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Frequently Asked Questions - Drinking Water
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Director of Utilities
George B. Hayes, P.E.


Main Phone Numbers
804-751-4607 FAX

Billing and Accounts

Water/Wastewater Emergencies

After Business Hours, Weekends and Holidays

Lobby Hours
8:30 a.m. -5 p.m.
Monday-Friday, excluding holidays

Mailing Address
Chesterfield County Utilities
P.O. Box 608
Chesterfield, VA 23832-0009

Street Address
9840 Government Center Parkway
Chesterfield, VA 23832Map this

Directory of Services

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Frequently Asked Questions - Drinking Water

Is my tap water tested?

Chesterfield County’s state-certified water quality laboratory tests the water from tap water samples collected throughout the county daily. The Addison-Evans Water Production and Laboratory Facility performs an average of 58,000 tests per year. Our consistent, high-quality water meets or exceeds all applicable federal, state and county requirements. We publish an annual Water Quality Report that may answer many of your questions. View the water quality report.

Why does my tap water taste like chlorine?

Chlorine, in the form of chloramine, is added to the water at the treatment plant to disinfect the water and ensure the water stays free of harmful bacteria in the miles of pipelines to your residence. The concentration range depends on where you reside relative to the treatment plant and the time of year. The very low, safe and effective chlorine levels in the water range from about 1.0 to 4.0 parts per million, or ppm.

What is the pH of my water?

The natural water’s pH can vary, so the pH or acidity of the water is controlled at the treatment plant using lime to make sure that corrosion control treatment works properly and the water coming out of your tap is consistent. The pH in our distribution system ranges from 7.0 to 8.0 pH units, which is in the neutral range.

What is the hardness of my water?

Hardness is determined by the concentrations of dissolved calcium and magnesium carbonates naturally occurring in the water. Hardness is measured by the lab in milligrams per liter, or mg/L, which is equivalent to parts per million, or ppm. Our naturally soft water is in the range of 40 to 70 ppm, which is 2.0 to 4.0 grains per gallon.

What is the pinkish residue on my bathroom fixtures?

A pinkish film or residue is most likely an airborne bacterium called Serratia marcescens. These bacteria are not present in the water supply. They are naturally present in the environment and may appear during new construction or remodeling work due to the dust and dirt stirred up by these activities. They thrive on moisture, dust and phosphates. The best way to control these bacteria is to clean the effected surfaces with bleach, or a cleanser containing bleach, and keep the area as dry as possible.

Why does my water look cloudy or white?

The cloudy water is most likely caused by tiny air bubbles in the water similar to the bubbles in carbonated soft drinks. After a while, the bubbles rise to the top and escape into the air. This type of cloudiness occurs most often in the winter when the relatively cold water leaves the treatment system and travels through pipes in the cold ground to your warmer home. When you open your tap, the water is no longer trapped inside the pipes, and the oxygen immediately begins to escape or bubble to the surface. The technical term for this naturally occurring phenomenon is “off gassing.” The air bubbles are harmless, do not affect water quality, and will go away on their own.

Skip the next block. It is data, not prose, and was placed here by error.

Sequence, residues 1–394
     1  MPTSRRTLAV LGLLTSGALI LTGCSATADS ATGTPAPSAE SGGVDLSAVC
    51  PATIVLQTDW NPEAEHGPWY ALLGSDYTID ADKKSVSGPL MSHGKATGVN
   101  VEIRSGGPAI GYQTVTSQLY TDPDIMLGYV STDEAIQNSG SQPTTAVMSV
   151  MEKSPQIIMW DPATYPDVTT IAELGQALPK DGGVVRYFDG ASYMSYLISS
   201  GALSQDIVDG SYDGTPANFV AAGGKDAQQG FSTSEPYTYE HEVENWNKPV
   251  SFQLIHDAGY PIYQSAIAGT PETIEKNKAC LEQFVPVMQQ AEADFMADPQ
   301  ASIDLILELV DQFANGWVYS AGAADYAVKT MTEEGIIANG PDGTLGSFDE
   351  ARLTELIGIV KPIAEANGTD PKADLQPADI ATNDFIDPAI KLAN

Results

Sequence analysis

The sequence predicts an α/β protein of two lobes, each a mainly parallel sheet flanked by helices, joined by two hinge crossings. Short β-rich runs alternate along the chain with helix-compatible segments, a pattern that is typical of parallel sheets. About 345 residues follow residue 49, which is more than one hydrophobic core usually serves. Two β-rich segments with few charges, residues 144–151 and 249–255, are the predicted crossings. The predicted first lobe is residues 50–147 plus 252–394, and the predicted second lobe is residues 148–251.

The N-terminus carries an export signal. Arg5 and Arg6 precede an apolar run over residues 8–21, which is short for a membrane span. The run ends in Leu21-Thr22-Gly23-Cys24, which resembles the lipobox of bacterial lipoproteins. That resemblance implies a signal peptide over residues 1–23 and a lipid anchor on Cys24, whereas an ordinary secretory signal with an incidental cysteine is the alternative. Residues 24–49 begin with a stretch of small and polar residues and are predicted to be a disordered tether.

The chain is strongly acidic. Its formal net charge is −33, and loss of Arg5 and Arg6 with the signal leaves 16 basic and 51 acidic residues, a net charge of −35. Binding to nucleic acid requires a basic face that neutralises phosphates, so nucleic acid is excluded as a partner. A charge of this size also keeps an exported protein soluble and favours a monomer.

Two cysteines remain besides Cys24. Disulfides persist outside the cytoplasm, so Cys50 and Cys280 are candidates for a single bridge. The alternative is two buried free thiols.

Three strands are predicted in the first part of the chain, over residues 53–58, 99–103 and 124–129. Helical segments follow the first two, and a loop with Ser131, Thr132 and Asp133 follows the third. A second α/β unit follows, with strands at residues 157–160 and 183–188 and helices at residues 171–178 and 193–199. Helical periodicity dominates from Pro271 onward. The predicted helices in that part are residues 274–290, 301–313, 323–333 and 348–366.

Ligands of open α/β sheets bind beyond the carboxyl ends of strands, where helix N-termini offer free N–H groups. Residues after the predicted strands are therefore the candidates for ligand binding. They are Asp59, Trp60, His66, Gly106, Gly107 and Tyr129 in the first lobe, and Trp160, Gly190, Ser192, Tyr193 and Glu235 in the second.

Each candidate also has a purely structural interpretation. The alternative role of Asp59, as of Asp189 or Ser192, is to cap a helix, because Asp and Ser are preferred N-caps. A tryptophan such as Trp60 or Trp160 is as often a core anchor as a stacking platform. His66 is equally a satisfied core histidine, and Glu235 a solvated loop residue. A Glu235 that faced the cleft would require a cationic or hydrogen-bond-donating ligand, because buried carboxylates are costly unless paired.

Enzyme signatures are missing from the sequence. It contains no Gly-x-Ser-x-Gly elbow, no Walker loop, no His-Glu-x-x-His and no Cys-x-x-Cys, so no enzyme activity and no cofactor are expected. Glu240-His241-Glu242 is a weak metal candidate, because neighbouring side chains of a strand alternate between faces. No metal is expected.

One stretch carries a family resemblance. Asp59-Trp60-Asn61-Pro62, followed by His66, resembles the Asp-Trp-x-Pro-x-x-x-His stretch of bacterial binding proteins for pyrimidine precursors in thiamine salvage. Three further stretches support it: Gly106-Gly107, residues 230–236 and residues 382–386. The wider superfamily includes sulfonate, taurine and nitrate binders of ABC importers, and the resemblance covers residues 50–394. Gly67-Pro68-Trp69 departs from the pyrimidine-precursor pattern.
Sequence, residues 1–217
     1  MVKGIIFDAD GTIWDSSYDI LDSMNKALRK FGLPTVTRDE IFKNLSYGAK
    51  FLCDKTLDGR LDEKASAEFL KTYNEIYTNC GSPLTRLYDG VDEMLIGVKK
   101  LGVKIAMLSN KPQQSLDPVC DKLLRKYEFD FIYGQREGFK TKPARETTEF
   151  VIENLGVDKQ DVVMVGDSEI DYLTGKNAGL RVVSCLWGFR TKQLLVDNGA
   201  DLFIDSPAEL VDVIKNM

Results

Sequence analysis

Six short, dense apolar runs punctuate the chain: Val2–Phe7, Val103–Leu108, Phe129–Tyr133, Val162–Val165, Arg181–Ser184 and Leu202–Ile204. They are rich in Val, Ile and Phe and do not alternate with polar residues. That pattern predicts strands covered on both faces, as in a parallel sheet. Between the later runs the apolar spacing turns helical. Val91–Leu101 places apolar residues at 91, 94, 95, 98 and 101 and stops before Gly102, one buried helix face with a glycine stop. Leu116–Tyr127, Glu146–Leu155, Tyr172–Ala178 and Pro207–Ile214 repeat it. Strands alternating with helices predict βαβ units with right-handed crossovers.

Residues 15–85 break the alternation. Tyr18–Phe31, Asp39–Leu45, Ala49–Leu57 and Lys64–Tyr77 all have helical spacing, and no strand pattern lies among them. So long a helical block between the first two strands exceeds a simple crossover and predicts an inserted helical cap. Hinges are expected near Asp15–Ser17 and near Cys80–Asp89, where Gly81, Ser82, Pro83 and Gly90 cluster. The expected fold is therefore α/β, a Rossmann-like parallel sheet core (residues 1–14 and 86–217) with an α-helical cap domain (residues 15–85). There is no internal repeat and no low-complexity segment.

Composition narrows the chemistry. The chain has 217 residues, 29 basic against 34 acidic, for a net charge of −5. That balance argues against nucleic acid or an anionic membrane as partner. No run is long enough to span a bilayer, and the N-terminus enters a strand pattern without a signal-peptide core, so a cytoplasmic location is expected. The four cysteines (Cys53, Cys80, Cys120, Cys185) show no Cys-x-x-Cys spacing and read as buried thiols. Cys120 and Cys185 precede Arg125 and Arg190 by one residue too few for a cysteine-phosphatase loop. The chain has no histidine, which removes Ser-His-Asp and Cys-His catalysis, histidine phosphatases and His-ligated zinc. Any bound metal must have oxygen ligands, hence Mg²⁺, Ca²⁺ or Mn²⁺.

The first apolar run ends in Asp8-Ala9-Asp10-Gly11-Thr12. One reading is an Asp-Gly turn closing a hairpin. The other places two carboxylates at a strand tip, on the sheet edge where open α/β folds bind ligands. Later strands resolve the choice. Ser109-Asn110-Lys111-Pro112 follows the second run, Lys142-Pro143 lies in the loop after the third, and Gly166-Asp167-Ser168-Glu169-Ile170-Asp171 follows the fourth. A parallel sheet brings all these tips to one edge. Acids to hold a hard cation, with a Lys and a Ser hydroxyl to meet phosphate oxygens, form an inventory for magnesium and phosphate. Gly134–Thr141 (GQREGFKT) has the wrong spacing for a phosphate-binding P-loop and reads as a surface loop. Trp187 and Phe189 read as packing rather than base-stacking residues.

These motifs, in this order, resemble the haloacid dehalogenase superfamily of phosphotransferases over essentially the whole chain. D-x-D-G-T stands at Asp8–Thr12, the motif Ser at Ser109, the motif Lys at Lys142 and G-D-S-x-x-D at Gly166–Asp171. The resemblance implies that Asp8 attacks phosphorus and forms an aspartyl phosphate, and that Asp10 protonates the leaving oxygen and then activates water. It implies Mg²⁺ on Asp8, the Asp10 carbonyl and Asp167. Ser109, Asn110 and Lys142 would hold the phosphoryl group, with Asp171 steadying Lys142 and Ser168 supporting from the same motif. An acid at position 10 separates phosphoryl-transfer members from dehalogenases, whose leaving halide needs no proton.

The aerators on our faucets are clogged with white particles. What is it?

These particles are most likely pieces of plastic from the hot water tank. There is a plastic part called the dip tube (cold water inlet tube) which deteriorates or fragments over time. These fragments flow out of the tank, through the hot water outlet and throughout a home or building’s plumbing, clogging aerators and showerheads. The fragments will float in a glass of water. This is not a water quality issue. A new dip tube may have to be installed or the hot water tank replaced. In some water supplies with hard water, white particles could be calcium carbonate deposits. These deposits are not an issue with Chesterfield County’s naturally soft water.

Why does the water in my bathroom sink smell like rotten eggs?

This common situation is most likely due to an actual drain odor. The rotten egg, sewer or sulfur smell, which is usually stronger in the morning and confined to a particular location, is a typical signs of drain odor coming from the u-shaped trap under the sink. As soon as the hot or cold water is turned on, the air-water interface in the trap is displaced and the odors are immediately released. The odor goes away when the water is run, but returns later. To remedy this situation, carefully pour one cup of bleach down the affected drain and wait 15 to 20 minutes without using the water. Then, flush thoroughly with cold water. This treatment can be repeated, as needed.